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Old-School Low-Tech Tek. w/ Pics

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wow..i'm gonna place an order of this one..it is a good deal imho expecially for what i pay for it :p lol nice post indeed! thank you
for all the cacti ive scraped with rocks in peru ive had limited success in comparison to a machete perpendicular to the cacti being scraped back and forth breaking the flexible spines

great post, interesting to hear of terscheckii use

a cactus practitioner in chavin de huantar added lots of toe, some red aya vine, "chacruna", copious amounts of coca
Sandtrout said:

I found this picture on google earth. I recognized a particular cactus. Awesome.

Wow! i noticed this tread today and saw the pictures..

I Was there!!!

Is in the Catamarca region... a very nice and sacred place of my country.

And for the date of the post, i think we bout visited the place in the same year.:p 😁

I remember the tour guide said "some people was here last night, a lot of purge"..:p


great contributions to photos!

i can't wait to see them in the rainy season in 2 weeks. I'm going directly to chavin via huaraz then possible cusco or tarapoto if you were going to be semi local
In Argentina we only have trichocereus terscheckii, and some pachanoi in the northest part of the country..

In Peru you have more species...
Nice necrobump!

So, I was wondering about the de-spining technique, since the video of it is now private:
I was fortunate enough to travel to the foothills of the Andes in Argentina to visit Trichocereus terscheckii with a contemporary "cactus practitioner." This cactus, he told me, was medicine for the heart. The ancient people, he said, would traverse the Andes solely on San Pedro and water.

His technique was beautifully simple. I am honored to share with you his technique and these pictures. Please treat this information with respect.

Here are some pictures to illustrate the process. Here is a link at the bottom to a video showing how he removed the spines:

We arrived before sunrise and left as the sun was setting. The whole day was spent tending to San Pedro.



Placing a small amount of tobacco and dirt to "facilitate healing" of the cactus.

The top of the arm used is grafted onto the base to allow continued growth.


The cut "arm" is ready for despining. The video above shows a genius method for despining. After the spines are removed, the core is removed and angular cuts are made parallel to the skin, cutting the white material away from the green material under the skin. The "ribs" are separated from each other and chopped to yield chunks with green flesh attached to the skin. These chunks often have the fluffy aereoles and the base of broken spines. These are included in the final product.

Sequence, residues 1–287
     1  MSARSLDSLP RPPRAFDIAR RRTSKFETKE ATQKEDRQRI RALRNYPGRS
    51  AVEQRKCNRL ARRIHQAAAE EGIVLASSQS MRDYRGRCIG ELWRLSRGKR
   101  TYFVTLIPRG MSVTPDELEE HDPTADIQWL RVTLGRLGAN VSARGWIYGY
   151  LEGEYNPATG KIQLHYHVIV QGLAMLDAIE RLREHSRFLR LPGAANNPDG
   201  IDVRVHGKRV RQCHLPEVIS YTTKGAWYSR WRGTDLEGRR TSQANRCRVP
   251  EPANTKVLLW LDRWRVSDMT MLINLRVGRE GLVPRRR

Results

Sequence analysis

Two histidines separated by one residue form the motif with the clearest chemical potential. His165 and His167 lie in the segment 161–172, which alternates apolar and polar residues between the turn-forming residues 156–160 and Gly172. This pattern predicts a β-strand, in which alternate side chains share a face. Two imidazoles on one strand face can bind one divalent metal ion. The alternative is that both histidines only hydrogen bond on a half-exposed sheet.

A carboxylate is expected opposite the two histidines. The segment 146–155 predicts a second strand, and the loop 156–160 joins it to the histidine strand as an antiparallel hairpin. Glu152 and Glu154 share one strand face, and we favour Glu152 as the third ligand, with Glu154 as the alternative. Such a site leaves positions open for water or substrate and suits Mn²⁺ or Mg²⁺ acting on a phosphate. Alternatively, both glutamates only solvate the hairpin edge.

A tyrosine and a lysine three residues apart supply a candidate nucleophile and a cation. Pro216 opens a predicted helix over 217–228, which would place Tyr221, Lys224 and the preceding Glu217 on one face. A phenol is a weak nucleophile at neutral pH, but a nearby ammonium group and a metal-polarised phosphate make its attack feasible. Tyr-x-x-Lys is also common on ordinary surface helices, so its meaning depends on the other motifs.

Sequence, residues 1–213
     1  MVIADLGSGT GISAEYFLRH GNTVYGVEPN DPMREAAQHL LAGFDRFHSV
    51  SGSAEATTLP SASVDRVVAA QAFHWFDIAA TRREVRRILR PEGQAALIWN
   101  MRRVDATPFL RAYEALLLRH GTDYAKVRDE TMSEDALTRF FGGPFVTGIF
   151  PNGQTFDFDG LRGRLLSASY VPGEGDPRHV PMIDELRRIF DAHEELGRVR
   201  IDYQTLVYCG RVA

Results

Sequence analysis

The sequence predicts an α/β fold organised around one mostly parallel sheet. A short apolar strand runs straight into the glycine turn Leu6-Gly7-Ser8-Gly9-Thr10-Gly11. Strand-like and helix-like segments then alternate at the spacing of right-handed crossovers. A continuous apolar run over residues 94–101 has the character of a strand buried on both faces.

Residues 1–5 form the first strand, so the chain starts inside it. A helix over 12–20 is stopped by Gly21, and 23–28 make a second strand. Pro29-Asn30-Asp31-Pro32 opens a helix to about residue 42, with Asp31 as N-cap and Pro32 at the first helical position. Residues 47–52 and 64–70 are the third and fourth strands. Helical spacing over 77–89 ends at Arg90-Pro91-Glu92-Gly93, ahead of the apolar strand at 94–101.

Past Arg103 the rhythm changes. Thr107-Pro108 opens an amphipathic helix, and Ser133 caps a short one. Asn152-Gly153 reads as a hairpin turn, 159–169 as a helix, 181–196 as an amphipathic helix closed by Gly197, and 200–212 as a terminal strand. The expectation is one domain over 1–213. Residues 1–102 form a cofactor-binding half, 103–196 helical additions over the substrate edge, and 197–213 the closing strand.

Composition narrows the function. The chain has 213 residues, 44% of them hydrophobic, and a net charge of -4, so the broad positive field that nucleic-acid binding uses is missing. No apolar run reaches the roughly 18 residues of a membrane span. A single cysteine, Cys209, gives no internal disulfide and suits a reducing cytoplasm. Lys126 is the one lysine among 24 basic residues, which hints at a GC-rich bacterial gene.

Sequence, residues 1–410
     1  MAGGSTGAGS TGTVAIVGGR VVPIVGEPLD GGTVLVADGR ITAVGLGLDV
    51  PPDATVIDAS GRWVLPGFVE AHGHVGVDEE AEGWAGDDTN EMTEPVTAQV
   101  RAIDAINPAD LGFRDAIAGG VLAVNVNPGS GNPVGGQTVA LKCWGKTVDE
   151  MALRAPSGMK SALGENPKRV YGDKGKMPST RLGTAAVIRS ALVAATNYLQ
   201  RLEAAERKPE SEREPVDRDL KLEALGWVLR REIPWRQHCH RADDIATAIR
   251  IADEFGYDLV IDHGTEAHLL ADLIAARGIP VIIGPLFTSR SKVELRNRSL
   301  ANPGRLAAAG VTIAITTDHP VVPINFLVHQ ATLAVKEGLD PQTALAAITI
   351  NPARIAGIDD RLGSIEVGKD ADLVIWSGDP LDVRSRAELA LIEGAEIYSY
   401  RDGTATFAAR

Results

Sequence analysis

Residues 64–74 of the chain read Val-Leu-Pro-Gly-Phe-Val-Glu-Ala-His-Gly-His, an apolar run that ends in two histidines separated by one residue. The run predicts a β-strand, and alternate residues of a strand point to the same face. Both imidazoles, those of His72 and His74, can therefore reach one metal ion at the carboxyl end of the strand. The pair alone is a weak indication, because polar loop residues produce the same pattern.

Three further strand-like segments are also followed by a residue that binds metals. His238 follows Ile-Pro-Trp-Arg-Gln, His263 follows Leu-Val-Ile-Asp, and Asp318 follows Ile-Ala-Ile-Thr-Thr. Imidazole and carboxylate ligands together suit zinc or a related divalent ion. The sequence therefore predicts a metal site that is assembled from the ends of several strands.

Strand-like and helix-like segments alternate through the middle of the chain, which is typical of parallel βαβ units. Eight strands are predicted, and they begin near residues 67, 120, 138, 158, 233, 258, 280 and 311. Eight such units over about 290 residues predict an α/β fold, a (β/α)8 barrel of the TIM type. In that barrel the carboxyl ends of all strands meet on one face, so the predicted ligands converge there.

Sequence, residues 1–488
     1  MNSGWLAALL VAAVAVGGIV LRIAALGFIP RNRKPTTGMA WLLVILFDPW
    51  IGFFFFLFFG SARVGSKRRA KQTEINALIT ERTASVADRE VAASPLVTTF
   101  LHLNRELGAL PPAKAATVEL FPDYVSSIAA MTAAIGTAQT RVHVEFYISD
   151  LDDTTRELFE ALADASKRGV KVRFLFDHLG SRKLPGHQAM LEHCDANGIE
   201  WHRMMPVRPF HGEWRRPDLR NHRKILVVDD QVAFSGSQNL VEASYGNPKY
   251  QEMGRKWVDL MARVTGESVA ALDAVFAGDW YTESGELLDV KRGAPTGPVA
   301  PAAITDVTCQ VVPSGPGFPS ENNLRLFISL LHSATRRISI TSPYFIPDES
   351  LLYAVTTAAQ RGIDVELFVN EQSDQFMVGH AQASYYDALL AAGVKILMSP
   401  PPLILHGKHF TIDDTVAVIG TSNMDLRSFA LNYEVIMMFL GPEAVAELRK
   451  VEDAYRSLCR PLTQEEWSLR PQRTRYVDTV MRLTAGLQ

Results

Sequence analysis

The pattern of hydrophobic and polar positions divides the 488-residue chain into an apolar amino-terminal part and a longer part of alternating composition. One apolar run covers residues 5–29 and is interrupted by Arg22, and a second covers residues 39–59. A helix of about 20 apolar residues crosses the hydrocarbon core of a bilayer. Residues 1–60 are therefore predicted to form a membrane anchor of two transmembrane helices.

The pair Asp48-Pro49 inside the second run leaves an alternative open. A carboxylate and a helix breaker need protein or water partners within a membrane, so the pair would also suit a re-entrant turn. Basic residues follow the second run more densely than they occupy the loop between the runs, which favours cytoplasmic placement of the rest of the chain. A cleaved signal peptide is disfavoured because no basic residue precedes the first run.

These chunks are then dried by fire. Further drying takes place either by a fire or in the sun. These chips are crushed by hand and then lightly boiled for 45 minutes to an hour to produce a mild, fresh and somewhat flowery tea with considerable potency. For best taste, the tea should be thoroughly dried, in which case they become brittle and the green taste dissipates to leave the true subtle flavor of this cactus.
Small amounts of ash and dirt are considered "good for the medicine." As the chunks dry, they often become mottled a with rust color.





Cact Eye Watch

Cheers to the Nexus.

That method for despining is indeed genius! I wonder if it works with smaller spines such as the ones from a pachanoi.
Fortunately, there's a bit of a hint how it might run, quoted here:
There is something about the rigidity and size of the terscheckii spines that make them especially susceptible to breaking with a rock. Smaller cacti and spines have allowed their spines to bend rather than break in my experiences so this ancient rock technique isn't as effective
Does anyone have any further insight to add regarding the de-spining method, or maybe even a copy of the video?

T. terscheckii is such a splendid plant, glad to have a couple in my collection 🥰🌵🍵💚
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